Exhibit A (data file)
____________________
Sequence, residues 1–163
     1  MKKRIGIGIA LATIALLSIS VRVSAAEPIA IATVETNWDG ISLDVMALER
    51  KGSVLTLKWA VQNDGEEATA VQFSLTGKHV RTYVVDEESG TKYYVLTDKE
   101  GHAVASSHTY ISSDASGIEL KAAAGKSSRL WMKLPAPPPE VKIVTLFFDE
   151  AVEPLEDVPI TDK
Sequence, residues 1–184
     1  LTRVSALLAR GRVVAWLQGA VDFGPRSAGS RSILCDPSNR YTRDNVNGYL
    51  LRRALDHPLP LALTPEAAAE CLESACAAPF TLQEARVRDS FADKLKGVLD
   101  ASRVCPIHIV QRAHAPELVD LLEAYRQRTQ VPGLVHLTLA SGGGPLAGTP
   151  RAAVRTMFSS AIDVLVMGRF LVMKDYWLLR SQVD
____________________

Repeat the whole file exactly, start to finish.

Sequence, residues 1–163
     1  MKKRIGIGIA LATIALLSIS VRVSAAEPIA IATVETNWDG ISLDVMALER
    51  KGSVLTLKWA VQNDGEEATA VQFSLTGKHV RTYVVDEESG TKYYVLTDKE
   101  GHAVASSHTY ISSDASGIEL KAAAGKSSRL WMKLPAPPPE VKIVTLFFDE
   151  AVEPLEDVPI TDK
Sequence, residues 1–184
     1  LTRVSALLAR GRVVAWLQGA VDFGPRSAGS RSILCDPSNR YTRDNVNGYL
    51  LRRALDHPLP LALTPEAAAE CLESACAAPF TLQEARVRDS FADKLKGVLD
   101  ASRVCPIHIV QRAHAPELVD LLEAYRQRTQ VPGLVHLTLA SGGGPLAGTP
   151  RAAVRTMFSS AIDVLVMGRF LVMKDYWLLR SQVD